The battle at Clifton took place between a rearguard of Prince Charles Edward Stewart's Jacobite army as they retreated from Derby and elements of the Duke of Cumberland's Hanoverian forces that were in pursuit. The Jacobites had failed to gain enough support for their uprising and the promised French army had not landed in the south, making it a doomed enterprise.
"The Battle of Clifton Moor is not as well documented as many of the battles fought in the 1745 rising. Some historians claim it as nothing but a skirmish. However in Jacobite terms it is every bit as important as Prestonpans or Falkirk. The ferocity of the “Highland Charge” once again proved its worth to the Prince’s army ... The victory of the Highland forces that night allowed the rest of the Prince’s army to cross the border to Scotland unmolested and saved many of the loyal men and women the possibility of having to give their lives up to 'foreign soil'." Despite another victory at Falkirk the rising came to a bloody end at Cullodon in April 1746 and 'Bonnie Prince Charlie' was forced into exile. In 2006 a group of Scots came and re-dedicated the Rebel Tree. See the Crann Tara website.
There are several small memorials at Clifton to these historic events. The co-ordinates will take you to "The Rebel Tree" where a grave marker and plaque record the last resting place of 12 Scottish soldiers. The final cache site is at another nearby spot with two plaques. You may also like to visit the lovely old St Cuthbert's Church at the north end of the village where there is a grave stone for the "Troopers of Bland's Regiment" who lie there. Opposite the church is a footpath to Clifton Hall. This 16th-century pele tower, sole survivor of the manor house of the Wybergh family, was plundered by Jacobites before the battle. It's generally open and free.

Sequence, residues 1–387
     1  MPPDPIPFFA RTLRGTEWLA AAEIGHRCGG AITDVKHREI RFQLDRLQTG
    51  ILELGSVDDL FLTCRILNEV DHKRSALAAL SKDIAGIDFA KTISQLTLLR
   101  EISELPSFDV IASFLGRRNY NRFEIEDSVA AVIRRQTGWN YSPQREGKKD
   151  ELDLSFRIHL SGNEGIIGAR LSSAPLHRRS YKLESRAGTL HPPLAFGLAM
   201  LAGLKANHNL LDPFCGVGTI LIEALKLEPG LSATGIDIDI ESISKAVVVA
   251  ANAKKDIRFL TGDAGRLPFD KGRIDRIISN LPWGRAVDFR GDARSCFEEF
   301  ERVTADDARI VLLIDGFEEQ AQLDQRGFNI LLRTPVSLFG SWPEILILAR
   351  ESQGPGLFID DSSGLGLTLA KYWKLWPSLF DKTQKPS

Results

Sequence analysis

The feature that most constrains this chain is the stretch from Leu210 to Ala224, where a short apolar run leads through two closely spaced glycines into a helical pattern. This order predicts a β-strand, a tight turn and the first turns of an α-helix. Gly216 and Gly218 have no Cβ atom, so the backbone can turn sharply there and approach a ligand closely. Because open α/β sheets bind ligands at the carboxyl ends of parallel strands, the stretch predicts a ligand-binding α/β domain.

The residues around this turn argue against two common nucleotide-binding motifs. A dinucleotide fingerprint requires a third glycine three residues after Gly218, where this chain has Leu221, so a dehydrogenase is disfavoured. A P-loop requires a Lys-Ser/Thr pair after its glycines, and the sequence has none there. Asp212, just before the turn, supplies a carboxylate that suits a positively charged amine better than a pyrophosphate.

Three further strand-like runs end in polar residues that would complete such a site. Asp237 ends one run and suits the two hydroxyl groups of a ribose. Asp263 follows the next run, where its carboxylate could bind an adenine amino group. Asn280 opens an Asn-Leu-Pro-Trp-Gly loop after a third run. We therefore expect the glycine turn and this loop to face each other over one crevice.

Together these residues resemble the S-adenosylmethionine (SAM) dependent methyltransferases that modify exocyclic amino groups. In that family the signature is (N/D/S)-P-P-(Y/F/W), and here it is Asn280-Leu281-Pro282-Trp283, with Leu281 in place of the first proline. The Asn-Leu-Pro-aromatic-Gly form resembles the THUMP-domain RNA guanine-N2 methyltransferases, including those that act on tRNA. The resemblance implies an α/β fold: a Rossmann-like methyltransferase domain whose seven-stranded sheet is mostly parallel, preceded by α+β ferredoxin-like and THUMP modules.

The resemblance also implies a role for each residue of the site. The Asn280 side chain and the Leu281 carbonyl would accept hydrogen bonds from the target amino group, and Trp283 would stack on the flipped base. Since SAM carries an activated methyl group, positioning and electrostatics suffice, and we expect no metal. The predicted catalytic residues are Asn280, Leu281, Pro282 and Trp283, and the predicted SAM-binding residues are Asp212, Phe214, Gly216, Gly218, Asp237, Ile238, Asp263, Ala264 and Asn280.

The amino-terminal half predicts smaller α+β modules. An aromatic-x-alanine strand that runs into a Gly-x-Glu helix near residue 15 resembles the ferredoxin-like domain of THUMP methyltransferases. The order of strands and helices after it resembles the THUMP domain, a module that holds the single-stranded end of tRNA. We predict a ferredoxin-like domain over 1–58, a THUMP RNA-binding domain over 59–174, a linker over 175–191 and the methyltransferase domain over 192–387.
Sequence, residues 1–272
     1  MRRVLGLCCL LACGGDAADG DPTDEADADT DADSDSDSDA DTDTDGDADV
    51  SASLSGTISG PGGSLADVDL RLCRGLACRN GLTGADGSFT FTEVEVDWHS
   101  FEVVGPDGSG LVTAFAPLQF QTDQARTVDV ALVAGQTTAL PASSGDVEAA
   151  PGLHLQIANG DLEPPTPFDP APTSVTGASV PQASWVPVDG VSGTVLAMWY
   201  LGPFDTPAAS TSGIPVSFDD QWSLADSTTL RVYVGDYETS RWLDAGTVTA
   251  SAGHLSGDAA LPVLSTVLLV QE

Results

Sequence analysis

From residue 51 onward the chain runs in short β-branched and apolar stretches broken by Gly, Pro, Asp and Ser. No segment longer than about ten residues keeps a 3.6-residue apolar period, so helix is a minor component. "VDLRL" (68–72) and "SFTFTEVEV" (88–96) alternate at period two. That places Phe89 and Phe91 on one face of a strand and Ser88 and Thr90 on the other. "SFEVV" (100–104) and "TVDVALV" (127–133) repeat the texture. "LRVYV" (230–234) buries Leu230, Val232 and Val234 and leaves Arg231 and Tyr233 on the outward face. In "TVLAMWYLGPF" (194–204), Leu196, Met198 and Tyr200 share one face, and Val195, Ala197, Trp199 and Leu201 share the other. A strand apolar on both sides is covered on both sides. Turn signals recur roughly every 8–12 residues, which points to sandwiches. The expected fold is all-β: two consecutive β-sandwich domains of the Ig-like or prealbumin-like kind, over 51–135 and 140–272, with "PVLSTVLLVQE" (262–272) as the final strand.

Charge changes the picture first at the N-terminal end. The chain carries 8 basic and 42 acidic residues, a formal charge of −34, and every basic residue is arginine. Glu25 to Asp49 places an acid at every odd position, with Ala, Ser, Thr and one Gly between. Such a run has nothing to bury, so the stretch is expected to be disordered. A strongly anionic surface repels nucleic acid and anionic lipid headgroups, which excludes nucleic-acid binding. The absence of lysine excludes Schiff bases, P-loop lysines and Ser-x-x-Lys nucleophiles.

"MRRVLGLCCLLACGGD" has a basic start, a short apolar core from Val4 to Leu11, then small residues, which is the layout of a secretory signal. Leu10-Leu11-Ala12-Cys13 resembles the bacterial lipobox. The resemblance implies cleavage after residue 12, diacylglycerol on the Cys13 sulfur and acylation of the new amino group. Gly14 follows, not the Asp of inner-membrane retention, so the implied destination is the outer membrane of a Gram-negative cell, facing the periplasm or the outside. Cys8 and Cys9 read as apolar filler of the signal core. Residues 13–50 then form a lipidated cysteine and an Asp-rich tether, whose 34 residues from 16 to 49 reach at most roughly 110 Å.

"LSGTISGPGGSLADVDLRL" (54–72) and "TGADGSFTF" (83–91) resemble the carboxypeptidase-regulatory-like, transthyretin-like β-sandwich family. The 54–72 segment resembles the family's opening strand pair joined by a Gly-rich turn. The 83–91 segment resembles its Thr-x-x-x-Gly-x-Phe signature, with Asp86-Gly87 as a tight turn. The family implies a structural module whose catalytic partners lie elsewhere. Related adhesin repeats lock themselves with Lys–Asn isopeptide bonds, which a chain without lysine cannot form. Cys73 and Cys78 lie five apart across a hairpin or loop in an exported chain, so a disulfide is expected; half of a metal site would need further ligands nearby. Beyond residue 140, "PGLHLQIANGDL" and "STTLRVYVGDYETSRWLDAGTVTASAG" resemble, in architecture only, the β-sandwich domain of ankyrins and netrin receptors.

One of the Iron Masters of the industrial revolution was born in Clifton, lived through these 'revolutionary' times and later helped English military might by imrpoving the production of cannons. 'Iron Mad Wilkinson' was born here in 1728 and is buried in Lindale in the South Lakes.
If you would like to explore the history of the Last Battle on English soil, here's a link: Wikipedia
You will find the Rebel Tree at the co-ordinates at the top of the page. It's a great old oak with a marvellous twisted trunk. Take a moment to read the inscriptions and contemplate the events of December 1745.
Using the brass plaque on the stone: count the number of words in the first line then multiply by the number of words in the second line; multiply the answer by the words in the third line; and then that answer by the fourth line, to give a grand total. Add this total to 561 to give the lattitude 54° 37.???
For the longitude: add all the digits in the fifth line together and add the total to 196 to give 002° 43.???
New housing estate built by the tree. If you park near the Rebel Tree you should be able to walk to the cache - ignore the silly wooded fence. Close to the Rebel Tree is the George & Dragon pub, award winning food, or park on the side roads, the A6 is legal but busy.
We tried to find a spot for a larger cache but it wasn't to be, so it's a micro vial, magnetic. Hope you enjoy your visit to the last battlefield in England.